How can we learn more from our everyday encounters? How do conversations that explore messy human situations compare with what we learn by talking about big issues and ideas?

While we may see the inherent value of learning from real life by cultivating a spirt of inquiry, we should also be mindful of scope. It may not be obvious that insights gained from talking about big ideas–such as what sensible leaders ought to be doing–rarely change how people actually interact with others on a daily basis.

In other words, valuable conversations about big ideas may change beliefs and opinions, but habits change in a different way.

If we are looking to continuously develop our communication and collaboration habits, for example, we need greater insight into how we handle micro-situations. Then we can regroove our neural pathways by experimenting and putting into practice what we’ve learned from these revelations.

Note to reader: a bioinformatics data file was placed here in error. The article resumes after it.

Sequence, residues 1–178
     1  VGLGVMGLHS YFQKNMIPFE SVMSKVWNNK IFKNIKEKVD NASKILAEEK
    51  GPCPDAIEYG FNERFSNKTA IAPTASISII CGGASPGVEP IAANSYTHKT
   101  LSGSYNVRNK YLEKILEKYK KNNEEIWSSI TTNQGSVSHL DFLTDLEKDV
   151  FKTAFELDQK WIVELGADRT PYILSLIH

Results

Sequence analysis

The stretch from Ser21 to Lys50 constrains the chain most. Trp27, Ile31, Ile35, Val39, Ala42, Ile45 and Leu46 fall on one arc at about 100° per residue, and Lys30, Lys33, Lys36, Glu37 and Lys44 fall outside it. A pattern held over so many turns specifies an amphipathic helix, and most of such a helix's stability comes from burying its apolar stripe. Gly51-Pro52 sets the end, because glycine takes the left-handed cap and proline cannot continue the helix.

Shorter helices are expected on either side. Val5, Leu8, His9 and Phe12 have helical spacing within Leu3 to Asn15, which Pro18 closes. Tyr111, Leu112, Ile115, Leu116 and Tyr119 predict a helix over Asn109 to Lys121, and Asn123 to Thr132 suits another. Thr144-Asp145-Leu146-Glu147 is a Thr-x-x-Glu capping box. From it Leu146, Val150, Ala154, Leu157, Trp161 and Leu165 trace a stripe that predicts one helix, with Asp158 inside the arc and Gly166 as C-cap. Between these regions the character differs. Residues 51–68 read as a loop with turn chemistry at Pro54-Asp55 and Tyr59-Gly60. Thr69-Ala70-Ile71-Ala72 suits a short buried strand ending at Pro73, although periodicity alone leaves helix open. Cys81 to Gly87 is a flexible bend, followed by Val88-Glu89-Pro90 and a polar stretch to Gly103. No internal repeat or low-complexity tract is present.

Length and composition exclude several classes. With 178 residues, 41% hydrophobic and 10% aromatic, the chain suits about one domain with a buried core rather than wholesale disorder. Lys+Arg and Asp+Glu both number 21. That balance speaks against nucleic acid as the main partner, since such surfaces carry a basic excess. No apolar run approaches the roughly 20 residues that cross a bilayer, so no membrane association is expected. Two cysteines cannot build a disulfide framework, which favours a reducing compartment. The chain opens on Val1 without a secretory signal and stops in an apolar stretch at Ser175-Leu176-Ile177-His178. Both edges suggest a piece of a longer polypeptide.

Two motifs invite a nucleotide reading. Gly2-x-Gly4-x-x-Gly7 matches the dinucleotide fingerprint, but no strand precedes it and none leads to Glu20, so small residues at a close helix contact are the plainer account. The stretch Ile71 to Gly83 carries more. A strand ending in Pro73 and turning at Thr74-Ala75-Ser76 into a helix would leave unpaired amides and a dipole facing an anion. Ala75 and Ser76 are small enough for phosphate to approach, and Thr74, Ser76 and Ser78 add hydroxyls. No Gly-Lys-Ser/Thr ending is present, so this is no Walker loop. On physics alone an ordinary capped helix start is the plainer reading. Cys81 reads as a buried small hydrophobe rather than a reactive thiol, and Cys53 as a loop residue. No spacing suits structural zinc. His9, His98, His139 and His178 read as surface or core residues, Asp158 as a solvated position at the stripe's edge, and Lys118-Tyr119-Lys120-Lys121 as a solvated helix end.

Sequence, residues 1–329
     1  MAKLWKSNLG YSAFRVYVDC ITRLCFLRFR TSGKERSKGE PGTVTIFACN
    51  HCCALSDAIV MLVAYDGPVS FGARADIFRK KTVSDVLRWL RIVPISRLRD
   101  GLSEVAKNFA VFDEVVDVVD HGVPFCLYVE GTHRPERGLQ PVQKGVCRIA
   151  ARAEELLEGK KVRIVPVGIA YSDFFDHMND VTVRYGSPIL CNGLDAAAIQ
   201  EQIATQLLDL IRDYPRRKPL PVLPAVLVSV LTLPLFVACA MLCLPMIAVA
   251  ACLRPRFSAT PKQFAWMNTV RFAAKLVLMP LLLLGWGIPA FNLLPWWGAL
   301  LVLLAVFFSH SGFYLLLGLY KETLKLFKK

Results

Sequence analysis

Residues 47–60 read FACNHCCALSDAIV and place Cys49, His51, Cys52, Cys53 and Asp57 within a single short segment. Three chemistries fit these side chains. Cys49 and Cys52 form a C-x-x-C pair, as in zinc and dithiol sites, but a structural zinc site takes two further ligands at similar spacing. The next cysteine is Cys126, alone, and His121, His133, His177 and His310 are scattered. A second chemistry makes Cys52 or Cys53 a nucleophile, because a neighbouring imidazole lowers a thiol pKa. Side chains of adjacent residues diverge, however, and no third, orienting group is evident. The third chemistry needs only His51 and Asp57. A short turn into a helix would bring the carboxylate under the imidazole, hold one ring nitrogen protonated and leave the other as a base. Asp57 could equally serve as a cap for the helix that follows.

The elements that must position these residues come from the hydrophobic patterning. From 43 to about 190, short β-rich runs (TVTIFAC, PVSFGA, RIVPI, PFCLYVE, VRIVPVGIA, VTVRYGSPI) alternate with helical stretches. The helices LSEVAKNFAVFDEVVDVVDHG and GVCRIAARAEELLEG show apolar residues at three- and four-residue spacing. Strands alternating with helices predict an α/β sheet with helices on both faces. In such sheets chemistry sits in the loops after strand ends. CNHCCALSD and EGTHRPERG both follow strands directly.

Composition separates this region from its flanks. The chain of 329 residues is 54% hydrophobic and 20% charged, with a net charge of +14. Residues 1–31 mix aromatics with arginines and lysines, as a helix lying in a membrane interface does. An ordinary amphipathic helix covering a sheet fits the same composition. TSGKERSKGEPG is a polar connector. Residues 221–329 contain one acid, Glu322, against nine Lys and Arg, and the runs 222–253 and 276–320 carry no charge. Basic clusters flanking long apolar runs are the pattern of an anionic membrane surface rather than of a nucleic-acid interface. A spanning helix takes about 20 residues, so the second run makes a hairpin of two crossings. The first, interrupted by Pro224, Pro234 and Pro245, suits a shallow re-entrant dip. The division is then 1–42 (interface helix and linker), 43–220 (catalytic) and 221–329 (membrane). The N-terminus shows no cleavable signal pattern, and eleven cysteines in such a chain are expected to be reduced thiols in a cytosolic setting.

As big thinker and do-er Jerry Sternin has observed, “It’s easier to act your way into a new way of thinking, than to think your way into a new way of acting.” Do we want to take more responsibility for our actions? Do we too often blame others when things don’t go well? There is a litmus test that reveals our progress toward regrooving such habits. It’s called the say-do gap: Do my actions match my words; my espoused beliefs?

Talking about big ideas with other inquiring minds is essential for any participating member of society. Yet discussions about what ought to be happening “out there” can sometimes be abstract and facile. It’s easier to keep an emotional distance, for instance, when advocating “justice for all” than when talking about my actions this morning.

Over time, wrestling with slice-of-life situations gives us a fresh view of how we make hundreds of day-to-day decisions. As we notice more details and possibilities for moving forward, we become more empathetic, and confident in our judgment. Plus we can have an immediate sense of whether we’re making real progress.

When thinking about social learning clubs, it’s helpful to understand the advantages of wrestling with micro-situations as well as exploring big ideas.

-Sharon VanderKaay